By: Khristina R.
While completing an internship this past summer in New York City, I decided to spend my free time volunteering with Girls Inc. of New York City, which is an organization that promotes gender equality, involvement in one’s community, and success in academics. Seeing that it would take me about an hour to get from where I was living in the Bronx to the school in Brooklyn where Girls Inc. was located, I applied to be a field trip helper instead of a classroom volunteer because arriving at 12:00pm would be easier for me than arriving at 8:00 am, especially because I’m not a morning person. Also, I found the field trip position to be more interesting than the classroom position. I figured that during the trips I would get a better opportunity to talk to the girls one-on-one, which was a possibility that excited me.
Since I’m someone who feels like a kid most of the time, I thought I’d have a lot to talk about with the girls. However, I was still pretty nervous when it came time for the volunteer training as I have very little experience working with children, teenagers, and the inbetweeners (aka middle schoolers). I wasn’t exactly sure how it would go or if I would even be good at the job. So during the training, when seemingly innocent topics of discussion were put on the try-to-avoid conversation list, I became even more nervous.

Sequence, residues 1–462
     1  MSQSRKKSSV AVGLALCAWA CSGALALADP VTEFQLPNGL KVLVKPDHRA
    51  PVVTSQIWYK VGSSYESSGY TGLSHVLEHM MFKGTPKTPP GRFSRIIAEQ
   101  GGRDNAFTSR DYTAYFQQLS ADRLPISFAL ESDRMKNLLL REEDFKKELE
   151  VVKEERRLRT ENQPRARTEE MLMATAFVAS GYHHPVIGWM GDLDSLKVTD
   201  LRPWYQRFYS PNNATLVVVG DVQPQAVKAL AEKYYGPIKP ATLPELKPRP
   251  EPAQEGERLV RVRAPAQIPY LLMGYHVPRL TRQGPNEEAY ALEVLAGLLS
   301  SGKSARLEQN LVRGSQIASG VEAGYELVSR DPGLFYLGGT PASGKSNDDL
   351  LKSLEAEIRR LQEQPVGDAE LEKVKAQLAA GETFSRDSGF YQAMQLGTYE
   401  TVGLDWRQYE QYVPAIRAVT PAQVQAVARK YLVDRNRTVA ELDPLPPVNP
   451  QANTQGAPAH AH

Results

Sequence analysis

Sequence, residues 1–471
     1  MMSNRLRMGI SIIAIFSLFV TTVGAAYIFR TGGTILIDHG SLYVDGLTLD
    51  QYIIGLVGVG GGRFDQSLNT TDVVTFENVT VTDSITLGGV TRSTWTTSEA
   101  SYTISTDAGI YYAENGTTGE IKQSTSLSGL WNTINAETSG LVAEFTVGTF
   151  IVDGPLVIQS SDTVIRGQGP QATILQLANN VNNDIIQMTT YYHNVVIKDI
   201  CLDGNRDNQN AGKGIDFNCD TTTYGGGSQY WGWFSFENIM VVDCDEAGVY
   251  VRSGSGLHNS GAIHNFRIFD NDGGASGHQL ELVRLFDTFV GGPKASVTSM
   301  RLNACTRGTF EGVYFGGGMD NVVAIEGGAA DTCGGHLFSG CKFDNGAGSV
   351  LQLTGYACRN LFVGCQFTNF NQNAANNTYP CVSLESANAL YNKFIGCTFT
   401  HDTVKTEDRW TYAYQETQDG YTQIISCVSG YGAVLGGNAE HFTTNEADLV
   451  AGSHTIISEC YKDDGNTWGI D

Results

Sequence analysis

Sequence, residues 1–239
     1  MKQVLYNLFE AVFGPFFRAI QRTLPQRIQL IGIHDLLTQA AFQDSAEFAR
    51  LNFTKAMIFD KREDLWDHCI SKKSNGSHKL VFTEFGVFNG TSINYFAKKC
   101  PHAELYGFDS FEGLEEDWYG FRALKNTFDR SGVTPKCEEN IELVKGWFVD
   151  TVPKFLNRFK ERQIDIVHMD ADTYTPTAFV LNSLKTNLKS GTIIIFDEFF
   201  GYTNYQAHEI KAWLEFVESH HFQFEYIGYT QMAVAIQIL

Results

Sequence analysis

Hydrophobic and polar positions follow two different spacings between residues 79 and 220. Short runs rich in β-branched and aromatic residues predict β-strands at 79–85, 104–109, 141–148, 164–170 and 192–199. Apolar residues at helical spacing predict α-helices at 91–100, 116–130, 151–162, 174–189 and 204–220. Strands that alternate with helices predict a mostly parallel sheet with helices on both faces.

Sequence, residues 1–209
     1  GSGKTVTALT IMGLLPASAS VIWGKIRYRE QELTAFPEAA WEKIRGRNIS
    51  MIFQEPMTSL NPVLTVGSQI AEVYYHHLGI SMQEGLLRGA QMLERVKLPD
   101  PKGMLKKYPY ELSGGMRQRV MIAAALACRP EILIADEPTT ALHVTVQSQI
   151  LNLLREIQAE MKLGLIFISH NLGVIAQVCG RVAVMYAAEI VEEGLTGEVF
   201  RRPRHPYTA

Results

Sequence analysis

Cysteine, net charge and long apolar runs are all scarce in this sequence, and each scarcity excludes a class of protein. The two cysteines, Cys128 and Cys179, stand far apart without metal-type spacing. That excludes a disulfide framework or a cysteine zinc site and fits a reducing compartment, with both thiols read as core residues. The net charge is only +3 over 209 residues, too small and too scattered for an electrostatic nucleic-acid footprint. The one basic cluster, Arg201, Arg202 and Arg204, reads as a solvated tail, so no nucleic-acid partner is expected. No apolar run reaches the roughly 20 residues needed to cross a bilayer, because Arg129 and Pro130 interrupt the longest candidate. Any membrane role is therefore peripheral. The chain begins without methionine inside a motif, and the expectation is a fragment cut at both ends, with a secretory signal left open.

I thought, “there goes my plan!” when the volunteer coordinators told us to ditch topics such as celebrity crushes, fashion choices, and gossip with friends. Instead we were supposed to talk about favorite school subjects, future career choices, and applying to college. The point was to stop the girls from feeling subconsciously pressured into being interested in only things that are typically labeled as girly. By talking to them about subjects relating to success in school, career goals, etc., we were encouraging them to believe in themselves, to know that they can accomplish anything, and to be strong, smart, and bold, which is the motto of Girls Inc.
As mentioned above I was a bit shocked at first to hear that I wasn’t supposed to talk to the girls about how cool their boots were, for example, but after contemplating the volunteer coordinators suggestions, I got it. It is important to realize, or at least consider, that the topics we choose to talk about with girls may influence their choices when it comes to hobbies, career choices, or majors to pick in college. With our words we can either empower them to think outside of the box or we can close the box tighter around them. No matter which way we use it, our language has an impact.